People who are good at learning and remembering new faces may do so by dividing them into parts like pieces of a puzzle, and they seem to focus less on the eyes.
A study by psychologists at UNSW Sydney and University of Wollongong has challenged the prevailing view that ‘super recognisers’ — people with exceptional face recognition abilities — rely on processing faces ‘holistically.’ Their results are published in Psychological Science.
“It’s been a long-held belief that to remember a face well you need to have a global impression, basically by looking at the centre and seeing the face as a whole,” says lead researcher Dr James Dunn.
“But our research shows that super-recognisers are still able to recognise faces better than others even when they can only see smaller regions at a time. This suggests that they can piece together an overall impression from smaller chunks, rather than from a holistic impression taken in a single glance.”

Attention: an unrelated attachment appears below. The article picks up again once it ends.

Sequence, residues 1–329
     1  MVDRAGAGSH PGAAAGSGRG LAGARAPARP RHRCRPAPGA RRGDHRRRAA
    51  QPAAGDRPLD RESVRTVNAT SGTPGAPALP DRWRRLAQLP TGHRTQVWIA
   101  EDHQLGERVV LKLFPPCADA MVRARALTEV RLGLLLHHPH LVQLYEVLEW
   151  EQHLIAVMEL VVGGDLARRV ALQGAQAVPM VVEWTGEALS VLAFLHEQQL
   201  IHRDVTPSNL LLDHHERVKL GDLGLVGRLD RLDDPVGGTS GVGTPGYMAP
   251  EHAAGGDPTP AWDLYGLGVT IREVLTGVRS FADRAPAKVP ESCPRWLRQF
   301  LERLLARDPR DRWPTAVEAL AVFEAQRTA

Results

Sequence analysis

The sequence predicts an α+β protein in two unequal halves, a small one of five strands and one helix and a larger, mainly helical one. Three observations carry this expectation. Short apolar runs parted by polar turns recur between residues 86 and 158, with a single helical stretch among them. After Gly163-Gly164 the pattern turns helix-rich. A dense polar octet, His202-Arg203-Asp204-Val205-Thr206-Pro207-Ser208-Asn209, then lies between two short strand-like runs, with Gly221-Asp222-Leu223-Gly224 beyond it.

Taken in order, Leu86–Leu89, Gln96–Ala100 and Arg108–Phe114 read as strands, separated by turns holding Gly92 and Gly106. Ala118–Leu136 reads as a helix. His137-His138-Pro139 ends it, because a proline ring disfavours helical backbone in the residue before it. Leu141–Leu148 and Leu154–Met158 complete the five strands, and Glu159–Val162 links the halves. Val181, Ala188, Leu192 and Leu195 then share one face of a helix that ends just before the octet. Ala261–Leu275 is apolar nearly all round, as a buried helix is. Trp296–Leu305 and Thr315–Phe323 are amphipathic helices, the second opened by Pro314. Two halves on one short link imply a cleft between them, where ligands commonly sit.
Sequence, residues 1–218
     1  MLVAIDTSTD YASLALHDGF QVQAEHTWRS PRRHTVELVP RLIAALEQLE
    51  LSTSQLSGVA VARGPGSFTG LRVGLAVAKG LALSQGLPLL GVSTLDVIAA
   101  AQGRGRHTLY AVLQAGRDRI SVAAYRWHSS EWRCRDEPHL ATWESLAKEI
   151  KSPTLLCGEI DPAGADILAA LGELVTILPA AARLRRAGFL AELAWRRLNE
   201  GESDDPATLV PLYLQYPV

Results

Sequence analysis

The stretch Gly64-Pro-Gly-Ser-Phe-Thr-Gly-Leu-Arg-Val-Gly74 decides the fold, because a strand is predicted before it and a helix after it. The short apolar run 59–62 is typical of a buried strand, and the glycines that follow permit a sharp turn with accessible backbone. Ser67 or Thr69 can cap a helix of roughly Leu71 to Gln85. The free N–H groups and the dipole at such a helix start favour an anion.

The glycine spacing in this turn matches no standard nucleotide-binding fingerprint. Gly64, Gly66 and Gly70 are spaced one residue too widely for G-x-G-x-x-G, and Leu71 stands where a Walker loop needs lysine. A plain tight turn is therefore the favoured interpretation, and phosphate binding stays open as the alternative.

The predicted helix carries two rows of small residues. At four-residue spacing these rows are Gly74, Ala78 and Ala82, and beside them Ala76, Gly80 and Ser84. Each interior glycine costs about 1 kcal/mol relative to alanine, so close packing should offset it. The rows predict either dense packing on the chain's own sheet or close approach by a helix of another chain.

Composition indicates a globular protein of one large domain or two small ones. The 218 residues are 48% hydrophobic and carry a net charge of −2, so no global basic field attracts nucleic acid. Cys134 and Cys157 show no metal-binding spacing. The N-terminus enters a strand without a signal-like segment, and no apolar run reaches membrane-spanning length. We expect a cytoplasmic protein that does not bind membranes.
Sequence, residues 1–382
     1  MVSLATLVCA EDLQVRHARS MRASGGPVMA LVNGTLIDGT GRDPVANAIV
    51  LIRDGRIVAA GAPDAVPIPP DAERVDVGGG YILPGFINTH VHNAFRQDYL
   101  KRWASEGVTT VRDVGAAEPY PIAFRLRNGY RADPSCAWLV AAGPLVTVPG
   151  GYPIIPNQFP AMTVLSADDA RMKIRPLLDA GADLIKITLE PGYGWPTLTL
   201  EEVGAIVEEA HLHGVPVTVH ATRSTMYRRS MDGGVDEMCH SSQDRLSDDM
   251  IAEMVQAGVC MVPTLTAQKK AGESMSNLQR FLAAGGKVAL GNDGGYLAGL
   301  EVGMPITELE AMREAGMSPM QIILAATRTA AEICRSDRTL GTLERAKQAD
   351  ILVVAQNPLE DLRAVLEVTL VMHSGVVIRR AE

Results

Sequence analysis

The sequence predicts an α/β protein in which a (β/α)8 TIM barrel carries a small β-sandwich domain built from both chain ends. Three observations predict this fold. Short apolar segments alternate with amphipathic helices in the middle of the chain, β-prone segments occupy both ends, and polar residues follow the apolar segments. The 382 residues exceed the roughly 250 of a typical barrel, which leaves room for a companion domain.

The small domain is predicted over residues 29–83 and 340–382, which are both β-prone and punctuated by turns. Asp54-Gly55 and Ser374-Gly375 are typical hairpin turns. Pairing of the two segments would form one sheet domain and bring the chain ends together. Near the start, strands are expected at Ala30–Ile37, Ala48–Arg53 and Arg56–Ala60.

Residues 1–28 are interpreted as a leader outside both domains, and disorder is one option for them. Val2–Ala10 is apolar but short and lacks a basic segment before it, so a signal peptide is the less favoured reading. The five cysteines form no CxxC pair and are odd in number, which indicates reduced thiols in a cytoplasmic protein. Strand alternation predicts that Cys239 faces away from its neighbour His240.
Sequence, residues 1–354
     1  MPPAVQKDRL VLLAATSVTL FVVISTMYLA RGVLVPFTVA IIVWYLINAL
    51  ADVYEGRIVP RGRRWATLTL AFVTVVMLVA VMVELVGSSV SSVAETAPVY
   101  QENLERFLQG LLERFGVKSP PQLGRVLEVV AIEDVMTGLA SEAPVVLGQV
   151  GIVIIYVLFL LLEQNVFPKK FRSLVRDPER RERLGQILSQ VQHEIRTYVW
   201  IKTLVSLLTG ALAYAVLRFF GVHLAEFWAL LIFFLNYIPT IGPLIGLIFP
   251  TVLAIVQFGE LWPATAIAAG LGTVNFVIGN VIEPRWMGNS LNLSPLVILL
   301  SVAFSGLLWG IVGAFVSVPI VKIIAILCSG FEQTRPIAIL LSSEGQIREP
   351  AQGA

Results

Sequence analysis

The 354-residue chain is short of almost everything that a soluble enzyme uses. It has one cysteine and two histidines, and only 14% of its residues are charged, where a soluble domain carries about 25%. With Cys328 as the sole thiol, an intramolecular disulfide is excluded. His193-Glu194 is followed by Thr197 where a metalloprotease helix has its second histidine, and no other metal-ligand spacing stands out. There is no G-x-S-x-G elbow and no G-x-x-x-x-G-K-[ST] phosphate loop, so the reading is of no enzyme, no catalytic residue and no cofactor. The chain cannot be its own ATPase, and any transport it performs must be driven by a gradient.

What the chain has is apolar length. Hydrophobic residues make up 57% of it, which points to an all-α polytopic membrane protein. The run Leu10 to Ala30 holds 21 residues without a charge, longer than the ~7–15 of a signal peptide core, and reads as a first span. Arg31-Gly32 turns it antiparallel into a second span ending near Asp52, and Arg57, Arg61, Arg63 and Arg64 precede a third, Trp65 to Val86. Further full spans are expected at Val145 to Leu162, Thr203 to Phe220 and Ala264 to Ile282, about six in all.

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The researchers compared the recall skills of ‘super recognisers’ to people with ‘average’ recall skills in an experiment where only small areas of a face were revealed at a time.
In the experiment, 37 super-recognisers and 68 average recognisers looked at faces on a computer screen. These were viewed through a ‘spotlight’ that captured between 60% of the face, down to just 12%.
Using eye-tracking technology, each person had five seconds to scan the outline of a face. Only the parts of the face their gaze illuminated were revealed in detail, with the rest blurred beyond recognition. As participants looked around the face new details were revealed.
The results showed super-recognisers continued to perform better when only seeing small parts of a face and seemed to spend less time looking at eyes than other participants.
The researchers say their experiment changes the way we think about why some people are better than others at committing a face to memory.
“We think one of the things they’re doing uniquely is exploring the face more to find information that is useful for remembering or recognising a person later. So when super-recognisers learn a face, it is more like putting together pieces in a jigsaw puzzle than taking a single snapshot of the whole face,” says Dunn.